During the middle game something truly wonderful and unanticipated happened. All of the sudden, I found myself unbound by the rules and was instead able to enjoy the game as a form of material interaction with the individual objects. Moving the objects became a joyous moment and their qualities were felt in a very direct fashion. Each move was preceded with a sense of anticipation and, instead of thinking about the actual chess value of the object or the purpose of the move, I noticed that I was deciding on particular moves only because the idea of interacting with that particular object felt joyful. Touching the synthetic bird’s nest (Suvi’s queen’s bishop), for instance, generated in me a sense of childlike playfulness as I took it with my guitar pedal (queen). At the same time, we both felt that, at the spontaneously experienced instance of play, the original objective of the game, to checkmate the opponent’s king, was not the purpose of our play. Each turn and each move became a moment of purposeless joy, however fleeting.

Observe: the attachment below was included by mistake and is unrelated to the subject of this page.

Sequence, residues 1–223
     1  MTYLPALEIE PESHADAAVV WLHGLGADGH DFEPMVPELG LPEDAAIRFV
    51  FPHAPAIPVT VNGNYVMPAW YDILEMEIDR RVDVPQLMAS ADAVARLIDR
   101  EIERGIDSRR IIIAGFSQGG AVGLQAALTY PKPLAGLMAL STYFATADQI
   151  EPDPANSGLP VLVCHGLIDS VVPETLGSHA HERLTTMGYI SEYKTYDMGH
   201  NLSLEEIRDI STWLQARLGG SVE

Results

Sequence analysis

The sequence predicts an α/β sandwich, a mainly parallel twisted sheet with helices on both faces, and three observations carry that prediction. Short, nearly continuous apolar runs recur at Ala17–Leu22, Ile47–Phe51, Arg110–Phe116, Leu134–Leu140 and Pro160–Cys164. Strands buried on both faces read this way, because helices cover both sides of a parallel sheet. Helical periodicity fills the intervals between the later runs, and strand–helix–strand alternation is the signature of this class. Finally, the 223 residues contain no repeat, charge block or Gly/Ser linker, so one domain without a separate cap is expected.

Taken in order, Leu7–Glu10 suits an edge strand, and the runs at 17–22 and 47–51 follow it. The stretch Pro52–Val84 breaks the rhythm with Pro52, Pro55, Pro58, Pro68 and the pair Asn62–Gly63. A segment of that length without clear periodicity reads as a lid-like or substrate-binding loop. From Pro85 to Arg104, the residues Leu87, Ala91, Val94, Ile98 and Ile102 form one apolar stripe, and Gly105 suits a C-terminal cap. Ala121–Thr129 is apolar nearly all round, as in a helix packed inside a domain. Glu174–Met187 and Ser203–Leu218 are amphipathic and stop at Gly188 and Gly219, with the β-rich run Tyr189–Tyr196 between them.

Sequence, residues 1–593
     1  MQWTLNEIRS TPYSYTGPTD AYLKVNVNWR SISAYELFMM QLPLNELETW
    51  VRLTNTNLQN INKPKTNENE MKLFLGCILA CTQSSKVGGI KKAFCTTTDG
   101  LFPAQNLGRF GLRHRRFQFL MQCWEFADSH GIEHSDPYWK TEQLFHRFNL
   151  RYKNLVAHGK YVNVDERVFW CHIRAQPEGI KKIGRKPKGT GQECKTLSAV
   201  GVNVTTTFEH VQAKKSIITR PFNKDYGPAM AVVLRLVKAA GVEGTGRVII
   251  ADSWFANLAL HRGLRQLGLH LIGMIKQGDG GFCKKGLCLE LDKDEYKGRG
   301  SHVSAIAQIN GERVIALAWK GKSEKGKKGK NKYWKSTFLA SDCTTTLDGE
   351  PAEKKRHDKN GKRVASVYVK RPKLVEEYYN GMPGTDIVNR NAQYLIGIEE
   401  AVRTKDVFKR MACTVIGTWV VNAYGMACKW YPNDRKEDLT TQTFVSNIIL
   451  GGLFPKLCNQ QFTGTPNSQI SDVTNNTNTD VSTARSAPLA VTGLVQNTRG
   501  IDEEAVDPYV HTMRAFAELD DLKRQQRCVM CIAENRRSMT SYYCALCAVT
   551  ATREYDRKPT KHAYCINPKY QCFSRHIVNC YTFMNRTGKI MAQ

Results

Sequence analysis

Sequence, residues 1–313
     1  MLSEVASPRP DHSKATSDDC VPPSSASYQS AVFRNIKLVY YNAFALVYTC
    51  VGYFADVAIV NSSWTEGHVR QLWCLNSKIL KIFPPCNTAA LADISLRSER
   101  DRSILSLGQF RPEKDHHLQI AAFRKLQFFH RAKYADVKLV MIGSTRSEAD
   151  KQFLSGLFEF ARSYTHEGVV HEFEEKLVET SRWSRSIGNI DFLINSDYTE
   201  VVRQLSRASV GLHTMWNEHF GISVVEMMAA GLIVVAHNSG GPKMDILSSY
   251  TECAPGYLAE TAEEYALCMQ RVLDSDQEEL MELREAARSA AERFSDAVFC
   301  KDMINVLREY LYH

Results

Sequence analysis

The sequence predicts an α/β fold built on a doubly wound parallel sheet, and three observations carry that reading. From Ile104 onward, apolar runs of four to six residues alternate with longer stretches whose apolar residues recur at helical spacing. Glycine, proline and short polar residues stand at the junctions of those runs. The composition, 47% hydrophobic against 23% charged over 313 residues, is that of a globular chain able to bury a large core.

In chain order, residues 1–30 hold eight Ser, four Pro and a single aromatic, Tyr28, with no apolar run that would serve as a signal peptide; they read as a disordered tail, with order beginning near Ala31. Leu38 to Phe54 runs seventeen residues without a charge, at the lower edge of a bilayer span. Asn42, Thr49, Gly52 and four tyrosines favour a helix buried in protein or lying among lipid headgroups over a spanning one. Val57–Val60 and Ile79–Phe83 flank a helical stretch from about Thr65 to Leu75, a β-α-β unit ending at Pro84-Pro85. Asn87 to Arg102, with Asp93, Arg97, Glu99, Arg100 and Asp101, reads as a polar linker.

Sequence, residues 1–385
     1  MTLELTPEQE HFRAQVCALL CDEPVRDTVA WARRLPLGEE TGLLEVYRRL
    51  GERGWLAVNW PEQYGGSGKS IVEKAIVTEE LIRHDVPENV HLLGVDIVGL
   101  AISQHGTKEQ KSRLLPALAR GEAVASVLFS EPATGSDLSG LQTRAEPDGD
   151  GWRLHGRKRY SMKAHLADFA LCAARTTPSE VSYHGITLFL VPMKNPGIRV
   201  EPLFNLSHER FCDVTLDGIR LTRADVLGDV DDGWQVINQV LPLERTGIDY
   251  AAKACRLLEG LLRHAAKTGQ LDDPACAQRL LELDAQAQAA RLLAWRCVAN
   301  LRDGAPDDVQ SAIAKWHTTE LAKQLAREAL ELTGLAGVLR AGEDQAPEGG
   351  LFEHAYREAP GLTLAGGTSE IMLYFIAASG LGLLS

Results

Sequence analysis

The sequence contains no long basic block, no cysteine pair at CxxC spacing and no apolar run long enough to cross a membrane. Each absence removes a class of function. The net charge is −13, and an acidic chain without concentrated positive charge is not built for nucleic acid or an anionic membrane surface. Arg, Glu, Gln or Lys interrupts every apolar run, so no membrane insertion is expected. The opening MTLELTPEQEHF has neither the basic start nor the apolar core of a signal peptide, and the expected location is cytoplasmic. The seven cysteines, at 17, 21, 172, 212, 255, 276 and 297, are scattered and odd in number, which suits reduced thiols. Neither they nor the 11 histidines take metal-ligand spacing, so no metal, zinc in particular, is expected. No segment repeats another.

The instances of purposelessness reminded me of Charles Peirce’s idea that, in the midst of all the purposefulness of the universe, there exist moments of pure play or musement: